Osprey author Leigh Neville starts a new series this week examining the small arms used by the Viet Cong and North Vietnamese Army (NVA) during the Vietnam War. His first instalment looks at the semi-automatic 7.62x39mm SKS carbine, the predecessor to the iconic AK47.
The Simonov SKS was developed by the Soviet Union during the Second World War and began replacing the Mosin Nagant M1944 bolt action carbine in 7.62x54mm. The Soviets had examined data from their long experienc...e in infantry combat and realised that most engagements were conducted at ranges below 300 meters. The otherwise excellent full power 7.62x54mm (still used today in Russian PKM/PKP medium machine guns and the SVD family of marksman rifles) was recoil intensive and difficult to fire accurately, particularly by poorly trained conscripts who often had no firearms experience.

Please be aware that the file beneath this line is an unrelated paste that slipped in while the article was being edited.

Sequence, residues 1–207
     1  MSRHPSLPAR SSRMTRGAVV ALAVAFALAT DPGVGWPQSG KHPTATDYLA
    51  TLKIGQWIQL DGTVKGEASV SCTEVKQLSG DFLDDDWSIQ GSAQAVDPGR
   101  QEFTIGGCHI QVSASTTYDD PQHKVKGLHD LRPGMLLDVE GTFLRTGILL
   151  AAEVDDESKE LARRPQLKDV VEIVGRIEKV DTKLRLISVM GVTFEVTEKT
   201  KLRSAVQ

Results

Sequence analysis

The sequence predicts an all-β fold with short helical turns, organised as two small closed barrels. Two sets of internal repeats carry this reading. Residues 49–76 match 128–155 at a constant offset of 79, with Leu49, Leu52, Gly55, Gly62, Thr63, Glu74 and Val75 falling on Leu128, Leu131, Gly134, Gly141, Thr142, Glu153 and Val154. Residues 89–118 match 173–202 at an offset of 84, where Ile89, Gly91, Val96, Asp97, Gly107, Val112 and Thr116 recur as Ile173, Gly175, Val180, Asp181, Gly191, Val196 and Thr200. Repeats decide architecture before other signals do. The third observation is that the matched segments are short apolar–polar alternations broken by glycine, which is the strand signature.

Instead the so-called ‘intermediate’ 7.62x39mm M43 or 7.62mm ‘short’ was developed. Effective to around 400 meters, the round was much less punishing on the shoulder and could even be fired somewhat accurately on full automatic as long as the user kept his fire to short bursts. The SKS however was semi-automatic only but was rugged and simple to operate, perfect for Soviet forces.
It featured a hinged magazine of ten rounds and a permanently affixed folding spike bayonet, a holdover from the Mosin Nagant. The Chinese and most Warsaw Pact nations produced copies of the SKS as their post-war general issue rifle although the Russians replaced the SKS with the AK47 in the early 1950s. During the Vietnam War, both Viet Cong and North Vietnamese Army units were equipped with both Russian and Chinese SKS carbines although in the later stages of the war, the NVA began to replace it with the AK47 and the Chinese Type 56 copy of the Kalashnikov.